Proper laboratory ergonomics is often overlooked, but it’s crucial to the longevity of your research career. Ergonomics refers to the study of human efficiency in the working environment. This includes limiting stress on the body because a sore body is a less efficient body. If you have ever had a backache from sitting at the microscope or biosafety cabinet, these tips may be useful for you!
Avoid the Laboratory Posture
It’s unavoidable—you spend a lot of time sitting while doing lab work. Everyone is familiar with the hunched posture of a long-time lab worker. So, you must set yourself up properly when at the biosafety cabinet (BSC), microscope, or anywhere else you’ll spend a lot of time sitting in the lab.
When working at the BSC, set your chair height so that your armpits are at about the same height as the sash opening and you can rest your elbows comfortably on the rests inside hood. Make sure your feet are on the floor and your back is supported against the back of the chair. This positioning prevents you from hunching over in front of the BSC and reduces strain on your back and shoulders.
While at the microscope, much of the same applies, but you need to pay special attention to your neck. Because you spend a lot of the time at the microscope holding your neck at a somewhat awkward angle, your neck bears a lot of the stress. To alleviate this strain, find a support for your forehead above the eye piece to take the pressure off of your neck.
Ever wonder why the armrests on your chair are padded? It’s not just position that’s important—the surface is also important. Avoid resting your arms and elbows on hard surfaces, which further strain on your upper body.
But most importantly, remember to take a deep breath and relax. Though some experiments can be stressful, do your best to not tense up, your body will thank you!
Keep Your Space Clear
How you set up your workspace is important for efficient and healthy lab work. You should never store items where your legs are supposed to go under the BSC. By storing things under there, you prevent yourself from being able to sit properly and force yourself to hinge forward and strain your back.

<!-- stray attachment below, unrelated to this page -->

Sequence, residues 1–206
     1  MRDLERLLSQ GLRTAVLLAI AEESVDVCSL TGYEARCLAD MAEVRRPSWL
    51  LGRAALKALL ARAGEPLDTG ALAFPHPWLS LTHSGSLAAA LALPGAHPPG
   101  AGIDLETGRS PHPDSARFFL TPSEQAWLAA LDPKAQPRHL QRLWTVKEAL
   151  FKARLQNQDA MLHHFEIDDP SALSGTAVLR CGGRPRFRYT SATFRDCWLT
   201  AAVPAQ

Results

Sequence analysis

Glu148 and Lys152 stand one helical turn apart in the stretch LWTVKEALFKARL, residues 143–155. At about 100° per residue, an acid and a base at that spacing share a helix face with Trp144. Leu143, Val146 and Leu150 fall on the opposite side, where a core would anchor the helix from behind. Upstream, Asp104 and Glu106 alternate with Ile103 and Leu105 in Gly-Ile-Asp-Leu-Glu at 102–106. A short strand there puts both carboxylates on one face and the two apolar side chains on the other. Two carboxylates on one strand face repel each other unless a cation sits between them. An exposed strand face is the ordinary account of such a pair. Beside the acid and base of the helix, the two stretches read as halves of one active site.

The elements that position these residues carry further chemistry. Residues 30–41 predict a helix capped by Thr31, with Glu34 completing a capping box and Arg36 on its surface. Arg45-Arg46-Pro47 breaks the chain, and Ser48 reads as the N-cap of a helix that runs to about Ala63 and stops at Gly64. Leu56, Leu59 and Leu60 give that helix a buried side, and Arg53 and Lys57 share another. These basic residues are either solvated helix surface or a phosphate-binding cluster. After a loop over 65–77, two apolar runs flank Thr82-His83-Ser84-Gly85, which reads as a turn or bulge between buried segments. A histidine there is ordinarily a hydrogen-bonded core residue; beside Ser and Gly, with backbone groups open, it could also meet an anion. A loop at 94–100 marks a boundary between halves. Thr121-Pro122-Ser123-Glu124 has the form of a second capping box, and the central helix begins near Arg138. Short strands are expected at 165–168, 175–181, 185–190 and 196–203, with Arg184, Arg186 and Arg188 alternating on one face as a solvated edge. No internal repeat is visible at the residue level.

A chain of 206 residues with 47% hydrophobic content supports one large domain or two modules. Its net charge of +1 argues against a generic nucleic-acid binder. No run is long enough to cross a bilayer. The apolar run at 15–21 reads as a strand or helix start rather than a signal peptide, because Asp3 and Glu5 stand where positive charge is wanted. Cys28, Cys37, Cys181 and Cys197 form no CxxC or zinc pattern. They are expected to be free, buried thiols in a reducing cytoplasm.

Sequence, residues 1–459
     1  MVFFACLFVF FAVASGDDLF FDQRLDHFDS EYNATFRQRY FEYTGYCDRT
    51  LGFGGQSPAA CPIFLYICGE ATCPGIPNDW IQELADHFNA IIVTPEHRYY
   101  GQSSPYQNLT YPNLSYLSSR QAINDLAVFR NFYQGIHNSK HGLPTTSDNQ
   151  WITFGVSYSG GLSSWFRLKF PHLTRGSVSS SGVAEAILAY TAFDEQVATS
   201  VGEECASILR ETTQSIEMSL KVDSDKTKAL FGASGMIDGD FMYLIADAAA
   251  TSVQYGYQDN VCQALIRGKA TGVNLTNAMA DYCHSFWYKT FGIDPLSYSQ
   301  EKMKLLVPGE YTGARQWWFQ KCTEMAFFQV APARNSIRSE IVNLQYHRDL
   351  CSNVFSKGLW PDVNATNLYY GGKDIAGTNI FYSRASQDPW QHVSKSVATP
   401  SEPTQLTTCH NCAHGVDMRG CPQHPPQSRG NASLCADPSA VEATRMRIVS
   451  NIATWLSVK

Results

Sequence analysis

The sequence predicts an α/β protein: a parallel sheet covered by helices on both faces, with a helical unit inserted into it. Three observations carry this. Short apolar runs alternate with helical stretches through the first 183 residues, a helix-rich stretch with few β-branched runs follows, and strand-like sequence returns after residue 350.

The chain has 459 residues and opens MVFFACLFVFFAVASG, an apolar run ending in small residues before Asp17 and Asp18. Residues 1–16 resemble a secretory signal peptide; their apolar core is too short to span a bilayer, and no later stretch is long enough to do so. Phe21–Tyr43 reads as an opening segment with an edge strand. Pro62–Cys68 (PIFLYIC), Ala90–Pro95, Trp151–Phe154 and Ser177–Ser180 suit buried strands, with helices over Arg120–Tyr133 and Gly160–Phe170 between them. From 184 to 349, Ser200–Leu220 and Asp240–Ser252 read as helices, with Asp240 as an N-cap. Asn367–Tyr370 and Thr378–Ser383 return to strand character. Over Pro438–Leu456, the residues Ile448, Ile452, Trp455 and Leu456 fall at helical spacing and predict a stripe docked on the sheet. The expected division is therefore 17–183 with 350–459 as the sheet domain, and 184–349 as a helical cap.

This same principle applies to your imaging station!
Stay Within Arm’s Reach
In addition to keeping your space clear, you should keep all necessary supplies within close reach. All reagents, disposables, gloves, and other supplies should be placed to where you do not have to bend or twist to reach them. If you are constantly bending and twisting, you risk injuring yourself in the long run. Keeping them close also keeps you from having to get up and leave the BSC, which could generate air currents that could disturb the flow inside the cabinet.
This also hold true for microscopy. Keep your equipment close and don’t contort yourself into weird positions to access what you need. Work smarter not harder!
Use the Proper Equipment
In the laboratory, we are all used to “making do” with equipment and supplies. This is a great attitude for making your own Taq polymerase or reusing spin columns, but risking your health isn’t worth saving a few dollars. If you hurt yourself, you’ll have to take time away to heal and possibly spend the money anyhow to get the proper equipment in the first place. For example, if you have to stand for long periods of time, then an anti-fatigue mat is vital. Also, manufacturers make laboratory ergonomic laboratory equipment, such as ergonomic pipettes.
Many of these tips and tricks can be applied to just about anything you do in lab that requires to you to sit for long periods of time. So, what do you think? Is your work space ergo-friendly?
It’s common practice in many laboratories to hold weekly lab meetings, where all members of the lab discuss their exciting new results, experimental pitfalls, new papers published in their field, etc. For the last several years, our lab meetings have been very formal. By formal, I mean that whoever is presenting that day prepares a […]
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